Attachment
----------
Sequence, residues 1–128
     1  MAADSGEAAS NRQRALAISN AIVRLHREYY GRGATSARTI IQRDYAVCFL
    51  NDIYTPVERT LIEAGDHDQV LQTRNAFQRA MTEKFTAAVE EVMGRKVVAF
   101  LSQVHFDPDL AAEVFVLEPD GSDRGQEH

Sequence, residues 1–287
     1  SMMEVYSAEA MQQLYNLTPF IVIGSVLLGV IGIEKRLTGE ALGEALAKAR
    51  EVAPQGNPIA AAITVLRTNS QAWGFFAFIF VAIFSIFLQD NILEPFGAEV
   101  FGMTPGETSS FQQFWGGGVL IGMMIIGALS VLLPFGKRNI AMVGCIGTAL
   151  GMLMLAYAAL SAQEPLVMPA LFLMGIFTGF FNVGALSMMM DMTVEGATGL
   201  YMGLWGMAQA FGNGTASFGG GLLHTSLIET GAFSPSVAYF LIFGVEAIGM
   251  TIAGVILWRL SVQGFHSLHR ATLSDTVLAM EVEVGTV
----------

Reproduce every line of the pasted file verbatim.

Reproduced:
Sequence, residues 1–128
     1  MAADSGEAAS NRQRALAISN AIVRLHREYY GRGATSARTI IQRDYAVCFL
    51  NDIYTPVERT LIEAGDHDQV LQTRNAFQRA MTEKFTAAVE EVMGRKVVAF
   101  LSQVHFDPDL AAEVFVLEPD GSDRGQEH

Sequence, residues 1–287
     1  SMMEVYSAEA MQQLYNLTPF IVIGSVLLGV IGIEKRLTGE ALGEALAKAR
    51  EVAPQGNPIA AAITVLRTNS QAWGFFAFIF VAIFSIFLQD NILEPFGAEV
   101  FGMTPGETSS FQQFWGGGVL IGMMIIGALS VLLPFGKRNI AMVGCIGTAL
   151  GMLMLAYAAL SAQEPLVMPA LFLMGIFTGF FNVGALSMMM DMTVEGATGL
   201  YMGLWGMAQA FGNGTASFGG GLLHTSLIET GAFSPSVAYF LIFGVEAIGM
   251  TIAGVILWRL SVQGFHSLHR ATLSDTVLAM EVEVGTV